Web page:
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A virus once changed the world

by Andra Natase

It’s hard to be human these days—It’s ten times harder being a parent. And, it’s probably infinitely harder to be a child living through the coronavirus pandemic. While we try to make sense of this upside-down world and we adjust to the unsettling new reality of school closures, work-from-home directives, and stay-at-home orders, our children are sitting there unable to cope with it all on their own. Their brains are just not developed enough for them to handle all the changes and stress caused by this health crisis all by themselves.

Everything they knew, loved  and did is no longer as they remember. Routine—which kids adore—has vanished. Instead of preparing for a new day in school, their days probably start with worrisome updates on the Covid-19 situation. Instead of visiting friends and family, they’re now isolating themselves while living with the fear that people are getting sick. And instead of the mum and dad they used to know, they’re seeing stressed-out and less-communicative shells of their parents.

Summer plans are gone, best pals are unreachable, classes are suspended, and the world keeps changing from one day to the next. So, how do we tell our children the right coronavirus story, and how do we build strength and resilience in these uncertain times? A crisis like this and the way we respond to it will shape the adults our kids will become.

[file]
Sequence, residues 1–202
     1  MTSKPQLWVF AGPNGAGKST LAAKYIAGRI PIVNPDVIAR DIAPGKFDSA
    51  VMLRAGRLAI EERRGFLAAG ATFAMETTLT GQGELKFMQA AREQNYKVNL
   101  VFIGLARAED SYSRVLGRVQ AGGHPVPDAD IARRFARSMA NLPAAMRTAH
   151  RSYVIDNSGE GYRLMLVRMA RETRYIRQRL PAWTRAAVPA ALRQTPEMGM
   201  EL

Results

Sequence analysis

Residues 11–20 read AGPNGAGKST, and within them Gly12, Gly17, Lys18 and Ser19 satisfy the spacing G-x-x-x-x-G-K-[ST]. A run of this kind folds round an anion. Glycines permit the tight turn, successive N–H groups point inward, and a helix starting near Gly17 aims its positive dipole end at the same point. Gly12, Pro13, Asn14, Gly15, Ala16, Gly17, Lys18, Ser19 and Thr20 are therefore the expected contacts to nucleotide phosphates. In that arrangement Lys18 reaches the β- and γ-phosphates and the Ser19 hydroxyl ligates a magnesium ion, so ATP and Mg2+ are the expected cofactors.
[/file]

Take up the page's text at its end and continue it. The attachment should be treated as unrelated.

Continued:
Be honest and talk about it

This situation is not something you should keep from your children, even if they are young. Your fears and emotions will reach them, even if you try to put on a happy face. They just feel them. And there are few things worse than telling your kid everything is OK when they can

sense that it’s not. Because right at this moment, you are shaping a future adult  will not know how to talk about their true feelings. And why would they even want to, if all they have learnt from their folks is that they should hide them? Children can easily detect emotions from non-verbal cues, and they have a greater capacity than adults to internalise the feelings of others.